[ExI] Fwd: What if Medicare required a living will?

Keith Henson hkeithhenson at gmail.com
Thu Apr 28 01:04:27 UTC 2011

This is something I find exceptionally sensible.  Of course, I have
had one for 26 years since it's part o what you must do to be signed
up for cryonic suspension.


Posted at 05:41 PM ET, 04/26/2011

What if Medicare required a living will?

By Ezra Klein

Andrew Sullivan has a proposal to lower health-care costs that
actually makes some sense. “If everyone aged 40 or over simply made
sure we appointed someone to be our power-of-attorney and instructed
that person not to prolong our lives by extraordinary measures if we
lost consciousness in a long, fatal illness or simply old age,” he
writes, “then we’d immediately make a dent in some way on future
healthcare costs. A remarkable proportion of healthcare costs go to
the very last days or hours of our lives.”

His idea is voluntary. But I’d make a different suggestion. What if,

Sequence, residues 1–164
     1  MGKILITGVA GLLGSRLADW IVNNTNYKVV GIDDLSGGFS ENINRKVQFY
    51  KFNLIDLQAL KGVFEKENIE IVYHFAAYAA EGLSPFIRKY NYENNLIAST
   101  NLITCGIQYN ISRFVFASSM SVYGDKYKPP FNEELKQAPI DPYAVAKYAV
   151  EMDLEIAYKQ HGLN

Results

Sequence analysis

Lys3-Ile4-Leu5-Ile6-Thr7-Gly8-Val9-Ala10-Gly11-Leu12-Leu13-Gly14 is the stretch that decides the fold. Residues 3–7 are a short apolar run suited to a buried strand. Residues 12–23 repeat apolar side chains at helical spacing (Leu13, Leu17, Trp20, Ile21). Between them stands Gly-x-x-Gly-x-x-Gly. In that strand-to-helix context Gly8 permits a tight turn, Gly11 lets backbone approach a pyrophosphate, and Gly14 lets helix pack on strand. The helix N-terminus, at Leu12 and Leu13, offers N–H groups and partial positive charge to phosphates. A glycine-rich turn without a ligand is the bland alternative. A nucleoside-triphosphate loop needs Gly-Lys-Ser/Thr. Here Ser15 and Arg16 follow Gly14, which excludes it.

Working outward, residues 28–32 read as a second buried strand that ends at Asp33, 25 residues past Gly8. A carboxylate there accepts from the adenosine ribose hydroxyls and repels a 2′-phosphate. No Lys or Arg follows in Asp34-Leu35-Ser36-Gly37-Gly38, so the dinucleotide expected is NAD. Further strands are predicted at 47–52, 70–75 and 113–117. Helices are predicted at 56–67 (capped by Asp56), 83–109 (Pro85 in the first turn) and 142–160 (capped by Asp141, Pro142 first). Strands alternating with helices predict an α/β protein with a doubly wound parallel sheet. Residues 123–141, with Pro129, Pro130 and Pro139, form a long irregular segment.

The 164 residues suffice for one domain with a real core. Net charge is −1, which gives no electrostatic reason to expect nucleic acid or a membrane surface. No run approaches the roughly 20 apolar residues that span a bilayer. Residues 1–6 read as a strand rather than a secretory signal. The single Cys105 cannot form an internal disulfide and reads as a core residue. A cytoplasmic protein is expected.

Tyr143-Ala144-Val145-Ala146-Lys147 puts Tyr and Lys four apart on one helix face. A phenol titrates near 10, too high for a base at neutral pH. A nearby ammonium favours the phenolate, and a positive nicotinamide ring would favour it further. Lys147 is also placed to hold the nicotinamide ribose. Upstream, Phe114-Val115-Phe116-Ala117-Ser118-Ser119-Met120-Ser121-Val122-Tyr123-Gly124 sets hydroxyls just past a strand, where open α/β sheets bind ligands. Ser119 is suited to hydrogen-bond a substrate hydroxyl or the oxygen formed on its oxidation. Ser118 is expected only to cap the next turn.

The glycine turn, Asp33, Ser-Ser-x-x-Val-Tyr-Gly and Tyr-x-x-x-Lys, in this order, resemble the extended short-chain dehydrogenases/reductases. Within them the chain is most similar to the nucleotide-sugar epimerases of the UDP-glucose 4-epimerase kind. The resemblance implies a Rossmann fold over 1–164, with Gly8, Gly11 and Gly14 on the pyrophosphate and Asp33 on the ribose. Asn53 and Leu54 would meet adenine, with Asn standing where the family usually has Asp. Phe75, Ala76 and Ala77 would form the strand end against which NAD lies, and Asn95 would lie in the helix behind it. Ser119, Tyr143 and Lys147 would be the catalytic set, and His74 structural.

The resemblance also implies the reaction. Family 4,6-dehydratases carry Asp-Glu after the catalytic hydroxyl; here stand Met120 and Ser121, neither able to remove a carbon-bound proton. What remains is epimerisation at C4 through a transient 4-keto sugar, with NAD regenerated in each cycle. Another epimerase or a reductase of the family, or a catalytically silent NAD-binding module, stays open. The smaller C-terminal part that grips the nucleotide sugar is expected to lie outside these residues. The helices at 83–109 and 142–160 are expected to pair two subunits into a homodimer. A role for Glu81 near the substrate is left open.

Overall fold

to be eligible for Medicare, you had to give someone power of attorney
and sign a living will? You could tell your attorney, and write in
your will, that you want every possible measure employed to keep you
alive. You could say cost is no object, and neither is pain or quality
of life. You could make whatever choice, and offer whatever
instructions, you want. You just have to do it. You have to make the

Right now, of course, heroic measures are the default. The simple act
of making that choice would cut costs, as I suspect many, many people
would prefer something besides maximal treatment, and would ensure
fewer people suffered needlessly because their health deteriorated
before they made their wishes clear. And although Sarah Palin managed
to rechristen medical counseling about end-of-life options “death
panels,” I choose to believe that that sort of childishness isn’t
inevitable and that this country can make adult decisions about adult

This also raises the question of what other simple choices, or
policies, have the potential to change a major driver of health-care
costs without requiring major reforms to the health-care system. The
floor is open for ideas.

Related: Atul Gawande on end-of-life options.

© 2009 The Washington Post Company

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